The spectacle of Scarborough, Warner, Center for American Progress President John Podesta, and Morning Joe co-host Mika Brzezinski savoring a genuine D.C. power lunch represents a mammoth come-down for Top Chef. When the show films elsewhere, its local-notable guests come from the creative class and dine out in challenging establishments. The magazine editors and fashion scenesters may not all be culinary gurus, but there’s a flamboyance to them, and a certain facility when it comes to discussing food. In the D.C. season, though, the guests are pulled from the political class. And they find themselves eating at…The Palm.

And instead of touting the joint’s trendy or challenging recipes, the show’s narration explains that the premise for setting an episode in the 19th Street NW outpost of a national chain restaurant is that this is where “deals are made” and “bills are brokered.” With great power lunches, it seems, comes great responsibility: “A good meal can make things go more smoothly.”

No one ever asked Jacques Pépin for his thoughts on regulatory reform. And there’s a reason America doesn’t turn to its permanent political establishment for opinions on creative cuisine. Apparently, someone forgot to administer them even rudimentary instructions about food judging. Among the deep thoughts about food and drink from the D.C. Top Chef power lunchers were pensees such as this one, from Scarborough: “I don’t know that I’m a foam man.” Or this, from Warner: “It needed more zest.”

It almost made Podesta look like a think-tank James Beard when he uttered a simple, declarative, and comprehensible sentence about his meal. “It could’ve been cooked more,” the former White House chief of staff said.

The aspiring-chef contestants, meanwhile, might well have been spitting in someone’s soup. As the assembled Beltway big-shots dine, Angelo, the show’s most calculating and love-em-or-hate-em contestant, explains that he’s “not too familiar with the concept of a power lunch.” At this point, who can blame him?

Real Housewives launches this week. But so far this summer, the one local reality show to have made a significant splash is D.C. Cupcake, which follows the rather boring exploits of Katherine Kallinis and Sophie LaMontagne, the owners of Georgetown Cupcake on M Street NW. Thanks to the show, lines outside the store twisted down the block even as thermometers hit 100 degrees last month.

D.C. Cupcakes is saccharine and premeditated, heavy on shots of frosting, light on actual conflict. But the nice thing about the show is that it actually originated here, which means it’s not an established franchise that’ll need to lure in some obscure senator to gain an infusion of Washingtonian ambiance. The show’s minor dramas—the need to fill large orders of baked goods for charity events, etc.—are exactly what they’d be if the Kallinis and LaMontagne had opened their shop in Houston or Seattle. The network announced this week that the series would be picked up for a second season.

The only people who want more official Washington in D.C. Cupcake, it seems, are members of the national political class. In the sort of breathless celeb story that gives the lie to the idea that hometown D.C. is any different than any other town, Politico this spring used an article on the new show to ask its stars whether they ever sold cupcakes to any, like, famous political people. Of course, said Kallinis. “We don’t call them out and say, ‘Oh my God, it’s you!’ But we do have a lot of senators, congressmen and people in the administration that come in to the store.”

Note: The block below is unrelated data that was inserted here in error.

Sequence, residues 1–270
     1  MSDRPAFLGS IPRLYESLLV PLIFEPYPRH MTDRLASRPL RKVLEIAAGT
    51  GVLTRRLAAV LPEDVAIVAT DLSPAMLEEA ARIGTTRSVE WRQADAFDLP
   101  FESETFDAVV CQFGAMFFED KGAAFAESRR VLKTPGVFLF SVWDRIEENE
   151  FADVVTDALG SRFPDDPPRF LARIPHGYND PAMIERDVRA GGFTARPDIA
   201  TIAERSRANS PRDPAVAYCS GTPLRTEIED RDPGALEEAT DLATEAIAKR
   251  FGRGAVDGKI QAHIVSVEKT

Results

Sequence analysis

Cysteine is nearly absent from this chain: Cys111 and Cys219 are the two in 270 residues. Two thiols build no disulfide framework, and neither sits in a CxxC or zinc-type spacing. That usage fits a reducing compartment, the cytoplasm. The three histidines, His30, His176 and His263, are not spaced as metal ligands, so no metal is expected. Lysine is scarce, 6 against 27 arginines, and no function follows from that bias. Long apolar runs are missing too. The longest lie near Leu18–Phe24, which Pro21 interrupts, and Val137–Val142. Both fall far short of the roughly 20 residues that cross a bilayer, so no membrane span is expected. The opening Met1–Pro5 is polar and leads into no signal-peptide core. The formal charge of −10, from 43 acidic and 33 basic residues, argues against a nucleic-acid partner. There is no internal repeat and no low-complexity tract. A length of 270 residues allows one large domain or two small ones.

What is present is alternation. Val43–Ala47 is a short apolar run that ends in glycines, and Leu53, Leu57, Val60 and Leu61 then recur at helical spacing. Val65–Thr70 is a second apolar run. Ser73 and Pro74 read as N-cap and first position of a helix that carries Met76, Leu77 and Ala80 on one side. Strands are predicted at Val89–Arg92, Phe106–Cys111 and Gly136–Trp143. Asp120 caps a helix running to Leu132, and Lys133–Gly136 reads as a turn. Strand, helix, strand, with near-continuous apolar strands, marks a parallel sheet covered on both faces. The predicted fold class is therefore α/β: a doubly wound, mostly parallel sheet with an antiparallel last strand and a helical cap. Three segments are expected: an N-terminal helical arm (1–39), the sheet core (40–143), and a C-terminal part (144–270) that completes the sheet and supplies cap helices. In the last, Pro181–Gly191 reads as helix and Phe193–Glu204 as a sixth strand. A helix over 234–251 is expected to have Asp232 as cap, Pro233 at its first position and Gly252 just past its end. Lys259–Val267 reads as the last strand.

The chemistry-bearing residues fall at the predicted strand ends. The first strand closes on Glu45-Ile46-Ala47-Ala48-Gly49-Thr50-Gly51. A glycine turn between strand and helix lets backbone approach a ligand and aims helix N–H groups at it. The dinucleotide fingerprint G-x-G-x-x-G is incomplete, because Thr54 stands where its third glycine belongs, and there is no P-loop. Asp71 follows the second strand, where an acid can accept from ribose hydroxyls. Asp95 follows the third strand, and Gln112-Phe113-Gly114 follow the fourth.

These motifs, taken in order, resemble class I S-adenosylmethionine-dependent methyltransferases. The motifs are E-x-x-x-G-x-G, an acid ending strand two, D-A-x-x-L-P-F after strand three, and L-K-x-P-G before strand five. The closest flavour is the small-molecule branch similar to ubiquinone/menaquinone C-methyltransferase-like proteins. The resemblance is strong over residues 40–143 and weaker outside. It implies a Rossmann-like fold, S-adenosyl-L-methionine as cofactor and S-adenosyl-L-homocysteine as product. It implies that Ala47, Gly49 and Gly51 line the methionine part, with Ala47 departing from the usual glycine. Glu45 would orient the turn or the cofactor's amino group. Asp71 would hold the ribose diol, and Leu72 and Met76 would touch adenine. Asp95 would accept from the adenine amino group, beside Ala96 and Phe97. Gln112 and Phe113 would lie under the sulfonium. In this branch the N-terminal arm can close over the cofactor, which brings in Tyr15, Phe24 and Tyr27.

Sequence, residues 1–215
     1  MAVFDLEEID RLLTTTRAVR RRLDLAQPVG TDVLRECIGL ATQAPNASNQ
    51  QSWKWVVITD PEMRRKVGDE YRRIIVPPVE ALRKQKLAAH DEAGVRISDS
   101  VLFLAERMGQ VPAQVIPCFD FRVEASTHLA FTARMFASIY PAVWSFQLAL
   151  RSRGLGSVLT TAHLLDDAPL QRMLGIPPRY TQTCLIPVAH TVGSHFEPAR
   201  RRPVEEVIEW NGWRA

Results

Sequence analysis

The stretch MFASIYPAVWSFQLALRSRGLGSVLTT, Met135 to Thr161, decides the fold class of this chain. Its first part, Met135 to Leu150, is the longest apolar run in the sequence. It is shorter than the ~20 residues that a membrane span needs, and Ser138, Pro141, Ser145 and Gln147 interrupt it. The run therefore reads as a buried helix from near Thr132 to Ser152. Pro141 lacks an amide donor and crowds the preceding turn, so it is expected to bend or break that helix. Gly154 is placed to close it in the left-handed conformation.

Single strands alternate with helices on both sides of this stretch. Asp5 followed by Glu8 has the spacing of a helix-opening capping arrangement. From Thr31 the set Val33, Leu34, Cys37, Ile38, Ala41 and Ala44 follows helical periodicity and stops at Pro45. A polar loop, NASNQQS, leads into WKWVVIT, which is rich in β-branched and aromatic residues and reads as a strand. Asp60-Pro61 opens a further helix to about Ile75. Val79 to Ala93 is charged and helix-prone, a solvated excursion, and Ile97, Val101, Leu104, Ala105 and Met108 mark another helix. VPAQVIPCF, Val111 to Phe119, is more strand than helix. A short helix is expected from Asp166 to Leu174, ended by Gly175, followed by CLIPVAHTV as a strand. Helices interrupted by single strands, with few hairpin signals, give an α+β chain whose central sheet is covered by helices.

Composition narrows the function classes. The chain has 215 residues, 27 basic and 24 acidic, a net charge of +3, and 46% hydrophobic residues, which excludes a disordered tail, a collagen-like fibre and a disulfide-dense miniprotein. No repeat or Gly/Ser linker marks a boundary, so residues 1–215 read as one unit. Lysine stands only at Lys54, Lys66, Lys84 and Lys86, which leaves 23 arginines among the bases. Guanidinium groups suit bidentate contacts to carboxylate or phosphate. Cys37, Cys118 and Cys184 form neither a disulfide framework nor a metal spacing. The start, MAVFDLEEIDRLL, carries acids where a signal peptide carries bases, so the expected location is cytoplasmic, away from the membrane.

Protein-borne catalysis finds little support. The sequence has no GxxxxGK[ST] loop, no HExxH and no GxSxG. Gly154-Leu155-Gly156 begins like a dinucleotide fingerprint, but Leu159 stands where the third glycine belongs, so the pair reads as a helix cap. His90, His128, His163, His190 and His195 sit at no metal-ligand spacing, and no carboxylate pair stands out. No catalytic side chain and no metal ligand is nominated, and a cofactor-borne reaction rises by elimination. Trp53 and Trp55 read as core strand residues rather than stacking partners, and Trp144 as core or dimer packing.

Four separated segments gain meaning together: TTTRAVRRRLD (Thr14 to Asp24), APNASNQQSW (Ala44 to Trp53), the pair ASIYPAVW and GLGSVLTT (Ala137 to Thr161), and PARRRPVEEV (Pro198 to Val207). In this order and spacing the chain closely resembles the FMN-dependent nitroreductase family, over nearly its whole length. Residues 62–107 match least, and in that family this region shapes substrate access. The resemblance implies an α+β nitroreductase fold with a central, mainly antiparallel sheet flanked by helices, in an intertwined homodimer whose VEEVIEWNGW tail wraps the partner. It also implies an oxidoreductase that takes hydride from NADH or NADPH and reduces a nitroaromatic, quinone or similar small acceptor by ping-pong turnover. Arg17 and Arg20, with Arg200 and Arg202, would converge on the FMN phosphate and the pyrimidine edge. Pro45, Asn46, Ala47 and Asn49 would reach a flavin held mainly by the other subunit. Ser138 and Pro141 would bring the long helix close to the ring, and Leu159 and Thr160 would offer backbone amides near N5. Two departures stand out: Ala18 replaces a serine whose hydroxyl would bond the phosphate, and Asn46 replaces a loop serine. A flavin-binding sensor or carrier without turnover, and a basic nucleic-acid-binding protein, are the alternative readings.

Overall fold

Would all of the D.C.-based reality programs—with their lobbying-group internships, their walk-ons by MSNBC contract players, and their enthusiastic coverage in the political press—have been green-lighted if John McCain and Sarah Palin had won in 2008? Considering how much of the 44th president’s reflected glamour the shows initially hoped to lap up, it’s hard to see how. But just as Obama’s former popularity wasn’t enough to save the Real World from bad ratings and bad reviews, it’s hard to blame the president for the consistent awfulness of TV’s take on the city he lives in.

The astonishing Salahis may yet prove that it’s possible to make a killer reality show in Washington. But the bigger problem with the genre is one that would transcend any administration and any political ideology: The unique thing about the Washingtonian social hierarchy is well-nigh impossible to present in dramatic form, either scripted or unscripted, no matter how many Nancy Pelosi cameos you arrange, no matter how many cupcakes get sold to unnamed senators.

In locales where the ins and the outs are separated by beauty or money or fashion sense, it’s easy to show who’s up and who’s down—and to portray the pathetic, desperate, and oddly compelling strivings of the wannabes striving to rule trashy New Jersey exurbia or New York fashion. D.C. has plenty of folks who lust for the status that accompanies wealth or sex appeal or a secure spot in a trendy business. But the producers who come here insist on also trying to present the city’s other, ineffable hierarchy, the one involving the ever-changing currencies of power or influence of proximity. That’s a contest lacking any empirical way to measure the winners and the losers.

The only reality that remains: The minute you want to be on such a show, you’re already a loser.